x Abu Dhabi, UAETuesday 25 July 2017

Dubai and Abu Dhabi drop out of 'world's most expensive cities' rankings

The UAE's two big centres have left the ranks of the globe's dearest cities after a sharp decline in rents and property prices, a survey shows.

Dubai and Abu Dhabi have left the ranks of the world's most expensive cities after a sharp decline in rents and property prices, a survey shows. Dubai tied for 55th position with Los Angeles, dropping from its rank of 20th last year. Abu Dhabi ranked 50th this year, down from 26th last year, says Mercer, a human resources consultancy. The drop was also exaggerated by the addition of nearly 60 cities to the list.

"While across the UAE the cost of living has remained relatively stable, we are seeing that accommodation costs have continued to decrease in Abu Dhabi and Dubai, driving down the cost of living for expats," said Markus Wiesner, the head of the Dubai office of Mercer. Home prices and rental rates have been cut in half across Dubai and Abu Dhabi since their peaks in late 2008. And they are expected to keep declining on average, as thousands more flats and villas are added to the market this year.

Dubai property prices may have a further 15 per cent to fall, Bank of America Merrill Lynch said in a report last month. "Even if all qualifying expatriates from Abu Dhabi and Sharjah relocated to Dubai tomorrow, we estimate that there would still be 44,000 vacant units in 2010," the report said. The fall inprices also led to residents leaving cheaper housing on the outskirts of Dubai and other emirates for better-quality homes.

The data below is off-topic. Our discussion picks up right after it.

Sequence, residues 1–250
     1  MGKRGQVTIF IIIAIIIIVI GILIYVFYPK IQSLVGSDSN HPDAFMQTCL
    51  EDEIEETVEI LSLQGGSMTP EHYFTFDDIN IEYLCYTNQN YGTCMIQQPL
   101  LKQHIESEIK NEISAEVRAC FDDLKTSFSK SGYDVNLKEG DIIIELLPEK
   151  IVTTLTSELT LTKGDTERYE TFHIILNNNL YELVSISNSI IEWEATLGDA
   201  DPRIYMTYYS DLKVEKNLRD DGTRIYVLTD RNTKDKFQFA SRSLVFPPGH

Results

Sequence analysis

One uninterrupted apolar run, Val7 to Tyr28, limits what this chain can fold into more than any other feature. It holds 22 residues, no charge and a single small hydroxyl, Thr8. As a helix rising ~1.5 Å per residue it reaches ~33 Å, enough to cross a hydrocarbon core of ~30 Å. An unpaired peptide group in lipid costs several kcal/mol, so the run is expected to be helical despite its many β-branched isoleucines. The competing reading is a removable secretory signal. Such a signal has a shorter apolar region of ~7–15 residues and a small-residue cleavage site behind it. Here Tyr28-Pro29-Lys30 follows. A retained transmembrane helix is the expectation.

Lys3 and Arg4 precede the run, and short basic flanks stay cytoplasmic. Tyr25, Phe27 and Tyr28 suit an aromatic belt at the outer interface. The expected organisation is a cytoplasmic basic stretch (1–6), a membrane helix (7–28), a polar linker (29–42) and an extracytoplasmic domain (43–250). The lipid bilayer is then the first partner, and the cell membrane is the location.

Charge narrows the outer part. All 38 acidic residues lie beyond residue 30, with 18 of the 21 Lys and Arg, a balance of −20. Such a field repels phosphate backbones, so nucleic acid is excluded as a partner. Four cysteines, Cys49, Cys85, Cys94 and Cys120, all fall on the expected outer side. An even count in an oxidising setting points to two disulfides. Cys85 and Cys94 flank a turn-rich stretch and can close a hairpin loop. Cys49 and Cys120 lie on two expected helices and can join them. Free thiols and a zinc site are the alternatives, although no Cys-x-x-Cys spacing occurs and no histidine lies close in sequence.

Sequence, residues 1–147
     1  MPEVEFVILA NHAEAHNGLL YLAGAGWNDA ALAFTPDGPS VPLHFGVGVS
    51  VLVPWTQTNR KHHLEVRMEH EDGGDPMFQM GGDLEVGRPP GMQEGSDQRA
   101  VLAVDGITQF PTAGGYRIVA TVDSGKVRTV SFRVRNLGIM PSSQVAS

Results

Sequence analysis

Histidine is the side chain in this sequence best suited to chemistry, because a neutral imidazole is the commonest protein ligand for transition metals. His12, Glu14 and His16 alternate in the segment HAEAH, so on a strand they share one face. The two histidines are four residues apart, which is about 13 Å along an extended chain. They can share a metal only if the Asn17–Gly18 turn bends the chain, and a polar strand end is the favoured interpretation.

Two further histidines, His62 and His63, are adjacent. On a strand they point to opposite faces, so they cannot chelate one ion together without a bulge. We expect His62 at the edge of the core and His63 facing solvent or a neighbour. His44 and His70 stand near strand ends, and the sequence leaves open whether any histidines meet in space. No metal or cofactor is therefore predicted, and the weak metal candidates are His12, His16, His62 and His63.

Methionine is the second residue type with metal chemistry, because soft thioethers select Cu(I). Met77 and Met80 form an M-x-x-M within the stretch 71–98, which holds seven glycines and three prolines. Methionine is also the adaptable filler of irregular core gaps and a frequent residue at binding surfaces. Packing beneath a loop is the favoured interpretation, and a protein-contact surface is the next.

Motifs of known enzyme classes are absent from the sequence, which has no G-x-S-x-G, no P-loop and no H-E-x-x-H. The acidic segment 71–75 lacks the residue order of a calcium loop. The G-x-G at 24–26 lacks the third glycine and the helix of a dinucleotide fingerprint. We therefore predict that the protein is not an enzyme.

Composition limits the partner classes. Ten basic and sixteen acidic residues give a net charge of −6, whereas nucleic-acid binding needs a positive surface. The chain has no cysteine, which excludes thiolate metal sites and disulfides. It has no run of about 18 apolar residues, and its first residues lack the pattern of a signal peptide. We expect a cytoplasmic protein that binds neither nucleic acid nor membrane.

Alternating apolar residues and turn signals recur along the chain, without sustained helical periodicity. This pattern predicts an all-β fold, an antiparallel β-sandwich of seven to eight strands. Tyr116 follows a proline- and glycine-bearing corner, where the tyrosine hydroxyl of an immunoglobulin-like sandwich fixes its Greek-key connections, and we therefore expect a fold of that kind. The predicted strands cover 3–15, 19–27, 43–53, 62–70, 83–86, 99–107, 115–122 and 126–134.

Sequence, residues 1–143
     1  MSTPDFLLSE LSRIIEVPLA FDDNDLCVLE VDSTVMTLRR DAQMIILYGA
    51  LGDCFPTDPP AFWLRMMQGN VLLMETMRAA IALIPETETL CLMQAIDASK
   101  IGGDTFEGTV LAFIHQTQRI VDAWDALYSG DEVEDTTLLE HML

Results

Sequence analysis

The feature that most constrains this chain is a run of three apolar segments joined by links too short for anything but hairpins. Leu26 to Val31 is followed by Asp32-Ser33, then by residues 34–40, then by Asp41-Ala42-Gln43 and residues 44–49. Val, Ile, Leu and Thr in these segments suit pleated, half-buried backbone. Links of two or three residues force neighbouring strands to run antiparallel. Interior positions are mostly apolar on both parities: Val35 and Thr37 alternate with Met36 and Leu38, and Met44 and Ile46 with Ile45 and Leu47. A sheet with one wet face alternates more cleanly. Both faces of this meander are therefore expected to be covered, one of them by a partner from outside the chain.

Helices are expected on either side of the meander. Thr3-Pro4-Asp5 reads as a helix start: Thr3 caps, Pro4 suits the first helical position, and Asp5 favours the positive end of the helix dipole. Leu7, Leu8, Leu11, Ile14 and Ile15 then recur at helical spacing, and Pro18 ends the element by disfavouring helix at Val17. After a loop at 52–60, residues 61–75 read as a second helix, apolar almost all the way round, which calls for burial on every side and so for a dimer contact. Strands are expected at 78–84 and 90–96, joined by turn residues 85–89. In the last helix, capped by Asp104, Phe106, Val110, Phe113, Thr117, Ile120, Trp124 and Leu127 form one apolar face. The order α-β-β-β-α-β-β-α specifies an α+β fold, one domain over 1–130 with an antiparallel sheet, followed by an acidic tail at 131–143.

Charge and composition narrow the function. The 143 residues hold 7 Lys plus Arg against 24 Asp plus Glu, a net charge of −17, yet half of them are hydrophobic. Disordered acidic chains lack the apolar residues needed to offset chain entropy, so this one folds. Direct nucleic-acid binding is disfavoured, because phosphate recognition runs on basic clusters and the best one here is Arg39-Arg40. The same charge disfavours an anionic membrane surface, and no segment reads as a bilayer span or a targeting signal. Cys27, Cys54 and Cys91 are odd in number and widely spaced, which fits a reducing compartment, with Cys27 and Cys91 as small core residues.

Brokers have described the move as a "flight to quality", where Sharjah residents moved to middle-income housing in places such as Discovery Gardens and people living in older buildings in Deira found new accommodation in developments such as Jumeirah Beach Residence. Luanda, the capital of Angola, remained the world's most expensive city. Renting an average-quality apartment can cost in the tens of thousands of dollars a month because of a dramatic undersupply of homes for the expatriate community involved in the reconstruction of the country.

It is followed by Tokyo, Japan, and Ndjamena, in Chad. In another survey by Mercer on quality of living, Dubai ranked 75th best city in the world, compared with 77th last year. Abu Dhabi dropped to 83rd best city to live in from 72nd last year. bhope@thenational.ae